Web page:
The changing strategic landscape of the Balkans is centered on the energy developments, which in their turn affect either positively or negatively the domestic politics. Already Greece is experiencing a circulation of rumors relating to the opposition of Turkey in the new geo-economic environment and a recent fire in a natural reserve near Athens (12) apparently due to arson (13); is being blamed in the conflicting regional interests that are adamant in the change of balance of powers that it is occurring nowadays. Further, “To Vima” newspaper revealed in a recent article the possibility of “Political reprisals” against Karamanli’s Administration as the country is heading towards general elections and the incumbent government is trying to muster domestic support amid a multitude of interests often influenced by factors originating from abroad. A recent clue of the sensitivity the initiatives of the Greek government can have was the attack (14) a few days ago against the Minister of Culture, Mr. Voulgarakis, in central Athens on his way to sign an important cultural agreement between representatives of Greece, Bulgaria, Ukraine and Russia (15). Under the terms of this accord, the four countries will take steps in securing the influence of the Christian Orthodox in the United Europe. In this case a group of unknown individuals attacked the entourage of the Minister in a classic “Hit & run” operation of the low-intensity urban warfare that is increasing alarmingly in the Greek capital (16).
In general the Balkan region promises yet a few world headlines, either in the political or economic field. The importance of the region is vast in comparison with its population, due to its use as a hub for the energy needs of the West and the Russian ambitions. Moreover the proximity to the Middle East and North Africa, reserve a truly unique placement for the Balkans in the strategic considerations of the global power-architecture cores in London, Washington, Moscow, Paris, Berlin and Beijing increasingly. The coming months will reveal more of the intrigues involved, and most importantly the winners and the losers of the “Energy game” of the 21st century.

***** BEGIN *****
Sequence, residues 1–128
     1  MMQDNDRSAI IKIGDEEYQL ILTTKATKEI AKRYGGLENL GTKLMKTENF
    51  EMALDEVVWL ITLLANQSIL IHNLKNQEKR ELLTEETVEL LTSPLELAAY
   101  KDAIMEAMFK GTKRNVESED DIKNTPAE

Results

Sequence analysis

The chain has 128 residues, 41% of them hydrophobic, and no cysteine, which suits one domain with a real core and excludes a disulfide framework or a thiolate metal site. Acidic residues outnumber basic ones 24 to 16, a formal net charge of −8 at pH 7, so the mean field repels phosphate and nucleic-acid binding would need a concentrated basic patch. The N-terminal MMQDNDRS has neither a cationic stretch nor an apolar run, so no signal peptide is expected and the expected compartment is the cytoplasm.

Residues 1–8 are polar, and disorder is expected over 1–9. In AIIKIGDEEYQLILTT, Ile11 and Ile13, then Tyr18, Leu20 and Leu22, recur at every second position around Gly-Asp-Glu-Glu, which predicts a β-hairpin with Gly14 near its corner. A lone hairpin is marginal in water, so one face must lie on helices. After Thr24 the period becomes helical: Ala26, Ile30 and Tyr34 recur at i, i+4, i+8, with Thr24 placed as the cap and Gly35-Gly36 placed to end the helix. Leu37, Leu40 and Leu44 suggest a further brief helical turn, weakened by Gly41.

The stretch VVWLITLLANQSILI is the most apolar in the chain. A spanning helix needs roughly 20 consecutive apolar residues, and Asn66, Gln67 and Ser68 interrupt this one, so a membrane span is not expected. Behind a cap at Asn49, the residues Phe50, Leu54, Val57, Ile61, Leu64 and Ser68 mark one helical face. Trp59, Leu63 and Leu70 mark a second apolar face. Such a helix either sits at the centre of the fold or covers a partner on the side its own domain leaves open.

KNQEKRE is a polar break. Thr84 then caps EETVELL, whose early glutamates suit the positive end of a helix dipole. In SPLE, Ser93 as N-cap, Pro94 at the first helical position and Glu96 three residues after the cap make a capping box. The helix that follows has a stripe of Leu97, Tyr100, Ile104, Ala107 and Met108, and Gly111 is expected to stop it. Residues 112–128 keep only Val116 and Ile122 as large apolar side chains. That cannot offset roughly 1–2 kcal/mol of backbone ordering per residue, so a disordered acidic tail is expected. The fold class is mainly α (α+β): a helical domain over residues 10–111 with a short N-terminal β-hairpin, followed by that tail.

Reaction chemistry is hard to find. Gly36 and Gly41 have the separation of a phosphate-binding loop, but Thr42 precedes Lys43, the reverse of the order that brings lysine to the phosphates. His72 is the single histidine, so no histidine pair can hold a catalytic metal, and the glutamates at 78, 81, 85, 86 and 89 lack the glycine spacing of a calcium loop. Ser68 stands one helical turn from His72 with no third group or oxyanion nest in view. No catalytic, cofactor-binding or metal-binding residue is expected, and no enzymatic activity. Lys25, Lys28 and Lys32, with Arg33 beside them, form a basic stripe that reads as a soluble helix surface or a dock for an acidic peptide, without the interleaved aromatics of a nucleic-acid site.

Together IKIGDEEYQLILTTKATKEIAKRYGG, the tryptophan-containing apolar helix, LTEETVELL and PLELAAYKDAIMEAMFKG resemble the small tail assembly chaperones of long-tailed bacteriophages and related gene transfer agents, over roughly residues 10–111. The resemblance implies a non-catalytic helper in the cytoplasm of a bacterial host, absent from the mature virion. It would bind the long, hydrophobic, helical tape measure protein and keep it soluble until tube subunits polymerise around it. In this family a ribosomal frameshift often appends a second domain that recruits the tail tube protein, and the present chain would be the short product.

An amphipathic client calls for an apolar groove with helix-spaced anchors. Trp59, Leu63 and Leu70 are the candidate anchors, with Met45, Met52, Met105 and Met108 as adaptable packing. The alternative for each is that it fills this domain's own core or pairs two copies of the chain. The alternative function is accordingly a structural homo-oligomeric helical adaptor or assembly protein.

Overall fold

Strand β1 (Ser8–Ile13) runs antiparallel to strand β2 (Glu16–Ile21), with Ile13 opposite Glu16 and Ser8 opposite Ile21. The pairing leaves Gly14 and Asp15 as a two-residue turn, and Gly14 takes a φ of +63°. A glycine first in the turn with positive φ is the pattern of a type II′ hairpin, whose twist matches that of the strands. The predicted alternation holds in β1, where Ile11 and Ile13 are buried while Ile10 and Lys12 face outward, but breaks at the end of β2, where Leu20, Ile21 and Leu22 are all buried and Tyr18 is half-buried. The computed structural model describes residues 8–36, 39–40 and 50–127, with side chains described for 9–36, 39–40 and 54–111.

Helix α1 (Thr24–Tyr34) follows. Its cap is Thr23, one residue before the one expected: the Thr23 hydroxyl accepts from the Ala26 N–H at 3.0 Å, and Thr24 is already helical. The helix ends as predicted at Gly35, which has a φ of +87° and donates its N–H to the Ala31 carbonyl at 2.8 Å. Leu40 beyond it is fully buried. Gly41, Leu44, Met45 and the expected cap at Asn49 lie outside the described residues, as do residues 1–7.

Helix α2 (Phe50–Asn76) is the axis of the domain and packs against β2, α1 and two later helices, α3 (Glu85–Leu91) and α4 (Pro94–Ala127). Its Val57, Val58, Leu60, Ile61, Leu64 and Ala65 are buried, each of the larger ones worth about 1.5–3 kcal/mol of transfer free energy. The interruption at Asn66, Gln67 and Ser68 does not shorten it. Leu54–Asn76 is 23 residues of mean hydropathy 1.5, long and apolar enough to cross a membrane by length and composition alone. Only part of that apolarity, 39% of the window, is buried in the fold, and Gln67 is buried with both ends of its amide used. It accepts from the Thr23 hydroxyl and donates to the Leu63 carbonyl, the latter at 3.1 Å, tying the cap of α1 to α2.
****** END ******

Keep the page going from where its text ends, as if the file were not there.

An article of the International Herald Tribune on the signing of the natural gas pipeline between Italy, Greece, Bulgaria & Russia
A report by the Eurasian Daily Monitor service of the Jamestown Foundation, around the South Stream energy project
The official website of the ENI Corporation
The official website of the Gasprom Corporation
News brief by the Athens News Agency on the Greek initiatives in the energy sector
A report by the RIA Novosti news service on the signing of the Burgas-Alexandroupoli pipeline between Greece, Bulgaria & Russia
An article by the EU Business news service on the Turkish-Greek-Italian natural gas pipeline
The official website of the BSEC
An article by the International Herald Tribune on the decision by the Turkish court on the Ecumenical Patriarchate
Press release of the USA Embassy in Athens of the speech by Nicholas Burns for the 60-year anniversary of the Marshall plan
An article by the Vima newspaper on the possibility of political reprisals against the Greek government due to its initiatives in the energy sector
Correspondence of the France Agency around the fire in the Parnitha natural reserve near Athens-Greece
An article by the Greek News Online service assuming possibility of arson. It has to be noted that various sources indicate towards arson, especially through TV & radio broadcasts in Greece.
Article by the Kathimerini newspaper around the attack against the Minister of Culture in Athens
Article by the Kathimerini newspaper, relating to the agreement signed by the Ministers from Orthodox countries in Athens.
Article by the International Herald Tribune on the increase of urban –warfare style attacks in Athens. It has to be noted that this article was published in late January and since then the attacks have multiplied.